If you wanted to create a billion dollar mobile game, 2012 - when global mobile games sales hit $9 billion - was the first year you could have achieved your goal.
- Supercell released Clash of Clans in August,
- King launched the mobile version of Candy Candy Saga in November, and
- GungHo Online kicked off the year with Puzzle & Dragons in February.
Originally developed by four staff, the Japanese match-3 RPG was an immediate success in the fast-growing Japanese smartphone market.
Puzzle & Dragons hit the #1 top grossing spot at launch, and pretty much stayed there for the next two years, becoming the first mobile game to generate $1 billion of sales, something it did during 2013.
Indeed, demonstrating the power of games-as-a-service, five years and 80 updates later, Puzzle & Dragons has only dropped out of the Japanese iPhone top grossing top 10 on a couple of occasions.
It remains GungHo’s top earner, with “Puzzle & Dragons related sales” (ranging from console games, to the annual conference, and other licensing) accounting for 84 percent of all revenues in 2016.
Global vs local
Yet, for all the success of Puzzle & Dragons, the game is now in decline.
For all its success, Puzzle & Dragons is now in decline.
Revenues peaked in 2014 and GungHo hasn’t had another significant hit on mobile or console.
Of course, this trajectory - early success, hopefully followed by a long, slow, managed decline - is natural for most entertainment products.
The fact Puzzle & Dragons has been a singular Japanese phenomenon is a contributing factor, however.
Ironically, the game’s success in appealing to its domestic market made it much less attractive internationally. Partly this is due to its look-and-feel, but mainly is down to its particular style of monetisation.
Hence, GungHo’s attempts to break Puzzle & Dragons into the western and Chinese markets have failed, and traction in countries such as Taiwan, Hong Kong and South Korea hasn’t converted into meaningful sales.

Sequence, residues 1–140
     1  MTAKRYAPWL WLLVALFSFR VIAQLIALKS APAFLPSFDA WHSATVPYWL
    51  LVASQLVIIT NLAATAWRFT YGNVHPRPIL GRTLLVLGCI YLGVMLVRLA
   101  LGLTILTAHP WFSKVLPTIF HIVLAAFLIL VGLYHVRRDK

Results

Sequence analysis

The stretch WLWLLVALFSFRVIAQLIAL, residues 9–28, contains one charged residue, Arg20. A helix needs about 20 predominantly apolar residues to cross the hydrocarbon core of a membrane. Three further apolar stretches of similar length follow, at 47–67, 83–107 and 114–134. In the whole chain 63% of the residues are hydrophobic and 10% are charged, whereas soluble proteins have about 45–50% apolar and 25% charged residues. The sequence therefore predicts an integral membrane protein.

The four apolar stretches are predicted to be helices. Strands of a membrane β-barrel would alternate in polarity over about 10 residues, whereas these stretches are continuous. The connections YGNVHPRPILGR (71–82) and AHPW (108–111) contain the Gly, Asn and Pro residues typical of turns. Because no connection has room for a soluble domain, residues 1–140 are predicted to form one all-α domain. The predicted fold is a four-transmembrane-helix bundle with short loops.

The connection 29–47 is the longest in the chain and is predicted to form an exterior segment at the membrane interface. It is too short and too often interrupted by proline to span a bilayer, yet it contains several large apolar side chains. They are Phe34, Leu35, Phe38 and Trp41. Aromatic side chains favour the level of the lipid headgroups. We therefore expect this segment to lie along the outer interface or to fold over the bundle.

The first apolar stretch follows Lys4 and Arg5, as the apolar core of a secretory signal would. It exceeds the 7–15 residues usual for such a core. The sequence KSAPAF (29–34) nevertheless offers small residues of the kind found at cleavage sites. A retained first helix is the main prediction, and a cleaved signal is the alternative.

Clash of Clans' sales peaked in 2015.
The Japanese mobile gamer knows exactly what he wants and he’s happy to pay top yen for it too.
Clash and Crush
The contrast with the other two billionaire mobile games launched in 2012 is stark.
Taking a couple of months to become the #1 top grossing iPhone game in the US, Clash of Clans has experienced a much steadier growth curve.
It didn’t generate $1 billion in revenue until 2014 and sales didn’t peak until 2015. Mainly this was because its more accessible gameplay and monetisation meant sales were generated by the global expansion of its player base rather than optimising per player revenue.
As a more ‘casual’ experience, Candy Crush Saga’s success was particularly driven by high download numbers, which, in turn, was fueled by connectivity features such as high score and gifting through Facebook social graph.
That meant Candy Crush experienced more explosive, viral growth than Clash of Clans, generating over $1 billion in 2013.
Only Supercell and MZ have launched more than one billionaire game.
Since then, it's seen a stronger decline in sales, although this has partly been offset as King has released sister games such as Candy Crush Soda Saga and Candy Crush Jelly Saga.
Having a billionaire game is a nice problem to have, of course, but does quickly become a problem, especially if your company is listed on a stock exchange.
GungHo is now having to deal with the managed decline of Puzzle & Dragons, as is its fellow outfit Mixi which is going through the same experience with another Japan-only billionaire F2P mobile game 2013’s Monster Strike (estimated revenue $4 billion).
King’s salvation from this problem came with 2015’s $5.9 billion acquisition by Activision Blizzard. Candy Crush Saga’s decline continues, of course, but King’s management doesn’t now also have to worry about the company’s declining share price.
Of the three, only Supercell managed to solve the problem.
In part, it was lucky to release Hay Day in 2012, which if not as successful as Clash of Clans, provided some additional revenue and head space. This was reinforced with 2014’s Boom Beach. Its success has, in part, been fueled by a massive marketing campaign made possible by Clash of Clans’ dollars.
But it was the company’s focus on innovative and accessible games that eventually lead to Clash Royale, which launched - and generated - $1 billion in 2016.
And in this context, it’s worth noting only Supercell and MZ (Game of War and Mobile Strike) have succeeded in launching more than one billionaire game.
That’s why they are the most valuable game companies to have been created in the F2P mobile game era.